In this study, we showed the significance of neutrophils in the psoriasis model and the potential molecular mechanism that initiates and promotes neutrophil infiltration during early phase of the disease. We demonstrated that CXCR2 and BLT1 coordinately facilitate the neutrophil chemotaxis, leading to neutrophil accumulation during development of IMQ-induced psoriatic lesions. Furthermore, we provided the evidence that infiltrated neutrophils producing IL-1β potentially contribute to the development of psoriatic hyperkeratosis in early phase by promoting IL-19 production by keratinocytes. In addition, IL-1β production from keratinocytes was enhanced by IL-1β.
Gene expressions associated with neutrophil infiltration were transiently elevated before those associated with psoriatic features. Eventually, these expressions of characteristic markers were decreased in parallel with the resolution of IMQ-induced psoriatic skin inflammation (Fig. 7A). Our findings reinforce the similarity of IMQ model to human disease in which IL-1β and CXCR2 ligands are upregulated (17, 29). Furthermore, IL-19 family cytokines were upregulated, as well as human psoriatic lesion (26) and IL-23–induced murine psoriasis-like dermatitis (26). Moreover, this IL-23–induced murine model also showed transient erythema and epidermal thickening (26), just as the IMQ-induced murine model did. In addition, it is well-known that neutrophils predominantly infiltrate into dermis rather than epidermis in early phase of psoriatic lesion (6), as observed in IMQ-treated skin on day 2. Considering these symptomatic, histological, and molecular similarities, the IMQ model seemingly recapitulates the early phase of psoriasis and is therefore suited for analyzing the induction mechanism of the disease. Incidentally, with our results of neutrophil and keratinocyte activations by IMQ in mind, the IMQ model might reveal the significance of these activations in the early phase of psoriasis. This clinically means that any stimulus could activate neutrophils/keratinocytes and induce psoriasis. Therefore, our results will provide clues for novel treatment of human psoriasis.
In human psoriasis, neutrophil infiltration in the skin is observed not only in the early phase but also in the chronic phase (6). Therefore, for the maintenance of chronic psoriatic lesion, neutrophils need to be constantly recruited into lesions via circulation because of their short half-lives. Our findings suggest that neutrophils recruited by the action of CXCR2 and BLT1 increase IL-1β levels in the skin, which might be because of increased numbers of infiltrated neutrophils rather than enhanced capacity of neutrophils to release IL-1β. IL-1β upregulation likely results in the amplification of IL-17 production from γδ T cells (30), which contributes to the early phase of psoriasis-like dermatitis (31). IL-17, in turn, would promote further neutrophil recruitment (2), resulting in the persistent infiltration of neutrophils into the skin. Furthermore, IL-1β also promotes acanthosis-inducing IL-19 production by keratinocytes. Thus, increased IL-1β could act as a bridge between neutrophils and IL-23/IL-17 axis, and as an inducer of terminal effector cytokine, promoting sustained psoriatic inflammation. Of note, another IL-1 family cytokine, IL-1α, and its receptor were shown to play a role in keratinocyte activation and upregulation of CXCR2 ligands (32). Taken together, IL-1 family cytokines potentially serve as a key for feedback loop between keratinocyte activation and neutrophil recruitment in the context of skin inflammation. Given that TNF-α also participates in psoriatic inflammation (33, 34) and IL-19 expression in keratinocytes (26), inhibitors of IL-1 and TNF-α signaling could be exploited for the treatment of psoriasis.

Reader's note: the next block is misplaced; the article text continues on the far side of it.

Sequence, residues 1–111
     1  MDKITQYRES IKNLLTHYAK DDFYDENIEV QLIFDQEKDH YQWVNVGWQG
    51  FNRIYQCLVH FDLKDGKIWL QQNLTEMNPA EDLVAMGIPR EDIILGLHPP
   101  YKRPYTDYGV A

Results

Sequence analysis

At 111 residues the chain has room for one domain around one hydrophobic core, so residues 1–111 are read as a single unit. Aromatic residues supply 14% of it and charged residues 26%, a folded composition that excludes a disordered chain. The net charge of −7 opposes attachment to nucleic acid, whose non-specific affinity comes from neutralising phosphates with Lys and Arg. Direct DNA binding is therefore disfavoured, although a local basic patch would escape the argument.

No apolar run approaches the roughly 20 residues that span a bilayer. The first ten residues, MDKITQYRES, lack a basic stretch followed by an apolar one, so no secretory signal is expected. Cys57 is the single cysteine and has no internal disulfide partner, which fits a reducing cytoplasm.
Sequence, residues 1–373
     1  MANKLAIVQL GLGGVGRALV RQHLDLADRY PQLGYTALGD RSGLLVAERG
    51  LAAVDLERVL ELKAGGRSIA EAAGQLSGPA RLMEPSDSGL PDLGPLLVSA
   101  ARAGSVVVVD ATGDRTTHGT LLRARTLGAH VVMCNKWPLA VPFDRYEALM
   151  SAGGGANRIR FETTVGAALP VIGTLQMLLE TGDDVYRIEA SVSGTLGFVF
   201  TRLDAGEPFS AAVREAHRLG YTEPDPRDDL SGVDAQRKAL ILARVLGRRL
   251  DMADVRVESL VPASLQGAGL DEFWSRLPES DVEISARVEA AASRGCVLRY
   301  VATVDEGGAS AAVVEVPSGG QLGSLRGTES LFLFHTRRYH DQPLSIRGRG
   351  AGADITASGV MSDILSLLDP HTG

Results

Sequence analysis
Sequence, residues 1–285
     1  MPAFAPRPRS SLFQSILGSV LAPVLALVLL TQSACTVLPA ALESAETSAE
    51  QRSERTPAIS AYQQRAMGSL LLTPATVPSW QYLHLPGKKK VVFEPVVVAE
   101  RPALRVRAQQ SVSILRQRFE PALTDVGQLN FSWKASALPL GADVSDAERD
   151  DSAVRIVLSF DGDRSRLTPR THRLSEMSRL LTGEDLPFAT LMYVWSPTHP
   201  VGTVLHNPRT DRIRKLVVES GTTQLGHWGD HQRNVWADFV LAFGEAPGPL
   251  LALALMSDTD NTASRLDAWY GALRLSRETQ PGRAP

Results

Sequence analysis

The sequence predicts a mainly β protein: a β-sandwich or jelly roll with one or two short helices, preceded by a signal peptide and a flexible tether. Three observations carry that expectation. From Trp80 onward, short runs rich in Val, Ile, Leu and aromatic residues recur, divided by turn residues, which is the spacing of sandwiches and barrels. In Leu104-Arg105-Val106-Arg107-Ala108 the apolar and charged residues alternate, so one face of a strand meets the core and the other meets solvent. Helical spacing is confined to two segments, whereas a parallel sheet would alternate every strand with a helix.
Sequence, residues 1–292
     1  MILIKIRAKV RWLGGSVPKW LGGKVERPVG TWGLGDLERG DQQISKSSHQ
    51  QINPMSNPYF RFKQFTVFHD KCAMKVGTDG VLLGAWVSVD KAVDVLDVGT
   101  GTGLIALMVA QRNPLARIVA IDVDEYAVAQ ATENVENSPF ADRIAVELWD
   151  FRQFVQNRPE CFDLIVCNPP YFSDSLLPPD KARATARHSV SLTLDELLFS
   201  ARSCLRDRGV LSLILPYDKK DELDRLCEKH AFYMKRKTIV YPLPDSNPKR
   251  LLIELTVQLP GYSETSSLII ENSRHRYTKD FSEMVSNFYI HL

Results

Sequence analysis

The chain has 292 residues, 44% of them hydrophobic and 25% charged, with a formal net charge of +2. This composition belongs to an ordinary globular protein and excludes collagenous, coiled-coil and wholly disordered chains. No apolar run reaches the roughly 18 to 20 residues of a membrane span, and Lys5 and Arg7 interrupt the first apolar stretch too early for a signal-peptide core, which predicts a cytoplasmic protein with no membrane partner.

The fact that CXCR2 ligands potentially provided by keratinocytes trigger dermal neutrophil infiltration implies that persistent production of CXCR2 ligands by keratinocytes might be the key to the chronicity of psoriatic lesions. In agreement with this, CXCR2 density is elevated on neutrophils from psoriatic individuals compared with those from healthy volunteers (35), along with increased IL-8 and CXCL1 levels in psoriatic epidermis (29). Furthermore, cathelicidin antimicrobial peptide (also known as LL-37), another potential ligand for CXCR2 (36), is overexpressed in human psoriatic keratinocytes and has been suggested to play a role in the pathogenesis of inflammatory skin diseases including psoriasis (37, 38). Much to our interest, cathelicidin triggers LTB4 synthesis from human neutrophils (39), as well as CXCL1 and CXCL2, as shown in Fig. 5D. Therefore, besides CXCL1 and CXCL2, other CXCR2 ligands such as cathelicidin, CXCL5, and CXCL7 might be deeply committed to IMQ-induced skin inflammation in the same manner.